Tour Confidential: Tiger and Charlie, Tiger’s year and a LIV resignation
Check in every week for the unfiltered opinions of our writers and editors as they break down the hottest topics in the sport, and join the conversation by tweeting us @golf_com. This week, we break down Tiger Woods’ year, the Tiger and Charlie dynamic, a LIV Golf resignation and more.
1. Our James Colgan, on site for this week’s PNC Championship, wrote about Tiger Woods’ eventful year despite the 15-time major champ playing just three official events. Woods, along with Rory McIlroy, was the PGA Tour’s most loyal and vocal backer in the year LIV Golf was born. With less and less golf in front of him, how important do you think Woods’ 2022 will be to his legacy?
Josh Berhow, managing editor (@Josh_Berhow): Not as significant as becoming the first Black player to win the Masters, or winning the Tiger Slam, or winning the U.S. Open on a broken leg, but the words Tiger uses matter, and as he ages, they’ll start to matter a lot more than his play, which will be less significant as those days wind down. A lot of it depends on what happens with LIV Golf. If it doesn’t last, how much credit will guys like Tiger and Rory receive? If it does, will people remember what they said? Rory was one of the first guys to say he wanted to be on the right side of history, and Tiger’s actions and words have proven he agrees with that. It’s too early to tell, but this year is another important chapter in Woods’ career, and for different reasons than what we’ve seen before.
Dylan Dethier, senior writer (@dylan_dethier): Woods has pointed out that the PGA Tour is where he’s made his legacy. In other words, that legacy would be diminished if the PGA Tour was to be diminished. Woods’ 2022 was defined by his decision to speak out in support of the Tour, and his hand in architecting its future. It was also defined by his appearances at the majors: His improbable appearance at the Masters; his rally to make the cut at the PGA; and his memorable walk up No. 18 at the Old Course when he played the Open. He’s never had a year quite like this one — it will define what comes next.
Sean Zak, senior editor (@Sean_Zak): 2022 for Woods felt like one of those moments in the movies where the main character decides, “this is the first step in the rest of my life.” It was the first year where he really, truly had to grow comfortable with doing less and making it count more. That stands for him still trying to contend despite fewer opportunities as well as saying more with fewer speaking opportunities. His voice has never been more important to the PGA Tour, and Woods recognized that. He spoke up. If he didn’t, we’d be singing a different tune about the battle with LIV Golf. At the end of his career, 2022 could be nothing more than the start of a new chapter, but this chapter might be the most revealing.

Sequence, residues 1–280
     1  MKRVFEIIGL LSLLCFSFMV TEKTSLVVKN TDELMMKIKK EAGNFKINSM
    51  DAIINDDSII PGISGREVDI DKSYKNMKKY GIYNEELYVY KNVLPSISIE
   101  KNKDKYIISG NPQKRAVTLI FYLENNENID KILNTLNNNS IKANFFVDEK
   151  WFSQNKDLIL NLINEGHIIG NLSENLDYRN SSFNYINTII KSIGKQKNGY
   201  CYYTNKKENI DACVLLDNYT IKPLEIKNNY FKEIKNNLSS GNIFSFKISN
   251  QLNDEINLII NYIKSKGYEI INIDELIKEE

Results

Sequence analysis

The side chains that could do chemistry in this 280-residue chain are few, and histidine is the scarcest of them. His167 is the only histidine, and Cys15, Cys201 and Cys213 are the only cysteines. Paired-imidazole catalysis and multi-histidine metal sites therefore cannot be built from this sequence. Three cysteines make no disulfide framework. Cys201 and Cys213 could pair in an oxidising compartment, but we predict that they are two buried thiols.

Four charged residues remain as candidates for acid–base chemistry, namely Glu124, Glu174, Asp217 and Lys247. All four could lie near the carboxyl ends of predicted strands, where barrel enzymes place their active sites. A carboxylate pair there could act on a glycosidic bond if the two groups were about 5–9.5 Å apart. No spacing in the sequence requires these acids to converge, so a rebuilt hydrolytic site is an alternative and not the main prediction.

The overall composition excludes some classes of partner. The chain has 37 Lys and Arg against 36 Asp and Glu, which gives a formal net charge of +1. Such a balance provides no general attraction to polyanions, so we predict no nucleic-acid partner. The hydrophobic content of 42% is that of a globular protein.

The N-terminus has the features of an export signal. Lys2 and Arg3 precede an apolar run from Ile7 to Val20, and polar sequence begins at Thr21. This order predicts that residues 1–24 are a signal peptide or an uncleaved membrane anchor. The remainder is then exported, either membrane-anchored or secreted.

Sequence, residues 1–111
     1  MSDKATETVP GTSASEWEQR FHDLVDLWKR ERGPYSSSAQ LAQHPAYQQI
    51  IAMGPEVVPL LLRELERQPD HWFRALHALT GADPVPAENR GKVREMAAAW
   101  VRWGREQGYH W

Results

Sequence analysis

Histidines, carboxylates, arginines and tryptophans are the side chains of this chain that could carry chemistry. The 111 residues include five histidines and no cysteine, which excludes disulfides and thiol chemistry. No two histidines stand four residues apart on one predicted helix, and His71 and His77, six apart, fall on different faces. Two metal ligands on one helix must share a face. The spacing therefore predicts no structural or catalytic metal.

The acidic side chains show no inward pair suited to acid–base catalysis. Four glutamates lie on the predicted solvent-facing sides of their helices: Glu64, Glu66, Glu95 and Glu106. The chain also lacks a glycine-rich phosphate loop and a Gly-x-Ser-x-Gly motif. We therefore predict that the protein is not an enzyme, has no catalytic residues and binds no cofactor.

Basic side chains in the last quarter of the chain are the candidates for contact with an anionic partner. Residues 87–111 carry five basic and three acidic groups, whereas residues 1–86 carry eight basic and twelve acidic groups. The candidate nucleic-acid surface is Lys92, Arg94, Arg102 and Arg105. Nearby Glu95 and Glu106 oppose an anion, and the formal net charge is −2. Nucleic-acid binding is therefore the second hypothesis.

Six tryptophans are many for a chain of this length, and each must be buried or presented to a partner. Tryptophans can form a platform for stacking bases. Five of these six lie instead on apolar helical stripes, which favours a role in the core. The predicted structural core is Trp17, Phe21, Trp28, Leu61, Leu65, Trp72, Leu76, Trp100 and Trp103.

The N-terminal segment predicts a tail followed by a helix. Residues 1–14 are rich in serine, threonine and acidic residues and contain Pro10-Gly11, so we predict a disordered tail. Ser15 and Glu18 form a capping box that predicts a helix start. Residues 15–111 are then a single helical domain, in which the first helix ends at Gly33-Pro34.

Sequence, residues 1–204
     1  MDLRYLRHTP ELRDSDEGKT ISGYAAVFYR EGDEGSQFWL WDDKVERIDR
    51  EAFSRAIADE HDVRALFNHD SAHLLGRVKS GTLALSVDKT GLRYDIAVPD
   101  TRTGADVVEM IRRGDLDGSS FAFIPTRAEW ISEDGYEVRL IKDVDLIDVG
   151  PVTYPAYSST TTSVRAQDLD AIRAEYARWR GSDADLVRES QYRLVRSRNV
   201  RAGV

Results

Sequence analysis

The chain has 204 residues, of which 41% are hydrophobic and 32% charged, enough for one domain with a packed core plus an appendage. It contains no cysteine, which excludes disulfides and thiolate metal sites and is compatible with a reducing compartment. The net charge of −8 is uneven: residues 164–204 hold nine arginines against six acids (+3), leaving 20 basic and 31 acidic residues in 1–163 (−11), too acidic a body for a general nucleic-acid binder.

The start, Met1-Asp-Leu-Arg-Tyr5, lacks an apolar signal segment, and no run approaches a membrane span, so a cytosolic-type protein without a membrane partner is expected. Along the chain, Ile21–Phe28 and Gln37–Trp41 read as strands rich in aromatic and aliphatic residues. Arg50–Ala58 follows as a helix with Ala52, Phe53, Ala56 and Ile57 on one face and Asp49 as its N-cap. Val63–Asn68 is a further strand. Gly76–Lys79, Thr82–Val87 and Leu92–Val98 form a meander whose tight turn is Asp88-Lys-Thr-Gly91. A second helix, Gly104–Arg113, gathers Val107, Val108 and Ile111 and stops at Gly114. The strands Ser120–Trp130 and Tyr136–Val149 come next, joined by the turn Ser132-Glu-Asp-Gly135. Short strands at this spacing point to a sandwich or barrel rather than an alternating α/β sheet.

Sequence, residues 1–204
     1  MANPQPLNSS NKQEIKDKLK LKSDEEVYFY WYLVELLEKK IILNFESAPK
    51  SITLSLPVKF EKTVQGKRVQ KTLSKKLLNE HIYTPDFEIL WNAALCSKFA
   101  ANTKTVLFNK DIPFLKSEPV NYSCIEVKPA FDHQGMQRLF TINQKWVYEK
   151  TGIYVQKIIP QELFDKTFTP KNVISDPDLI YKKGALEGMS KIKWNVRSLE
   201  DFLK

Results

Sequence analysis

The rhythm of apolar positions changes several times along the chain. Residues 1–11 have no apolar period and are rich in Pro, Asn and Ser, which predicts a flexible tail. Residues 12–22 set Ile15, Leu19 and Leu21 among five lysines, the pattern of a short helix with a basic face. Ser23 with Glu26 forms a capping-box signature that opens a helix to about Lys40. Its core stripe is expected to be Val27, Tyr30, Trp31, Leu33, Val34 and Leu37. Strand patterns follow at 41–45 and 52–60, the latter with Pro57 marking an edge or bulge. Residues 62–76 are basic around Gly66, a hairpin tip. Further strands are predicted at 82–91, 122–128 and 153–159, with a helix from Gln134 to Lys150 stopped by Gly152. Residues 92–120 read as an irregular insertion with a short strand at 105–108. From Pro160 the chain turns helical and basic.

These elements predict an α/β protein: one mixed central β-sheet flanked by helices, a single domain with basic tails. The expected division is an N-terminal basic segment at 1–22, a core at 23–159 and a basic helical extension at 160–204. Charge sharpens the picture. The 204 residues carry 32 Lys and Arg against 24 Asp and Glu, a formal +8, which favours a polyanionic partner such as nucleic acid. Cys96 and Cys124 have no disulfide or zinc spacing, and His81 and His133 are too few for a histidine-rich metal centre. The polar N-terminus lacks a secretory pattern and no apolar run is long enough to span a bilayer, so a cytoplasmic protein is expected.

2. Vijay Singh and his son, Qass, won the PNC Championship, but, as in previous years, Tiger Woods and Charlie Woods stole the show and the headlines. Did this week reveal anything new to you about the Tiger/Charlie dynamic?
Berhow: Charlie, whether it’s intended or not, has many of his dad’s mannerisms, including playing through some injuries. It’s fun to watch them together. This tournament was already a fun one-off on the pro golf schedule, but Tiger and Charlie entering it have really elevated it the past three years. There’s also a really fun dynamic there when they play with the Thomases. Was good to see another Tour star get in on the action with Jordan Spieth joining this year as well.
Dethier: This is the first time we’ve heard Charlie talk about Tiger. And while Charlie knows in theory how good his father was in his prime, this week he saw something different — and better. “Yesterday — that’s the best he’s played in a while,” Charlie said after the second round. So to answer the question, I learned that Charlie’s still learning about his dad. That’s cool.
Zak: This week was a reminder of what seems like a real two-way friendship between father and son. Tiger gets so much joy out of competing with Charlie, and Charlie gets so many lessons from perhaps the best golf teacher in the world. Son pushes Dad’s buttons. Dad reminds Son when he’s going too far. We’ve all been there.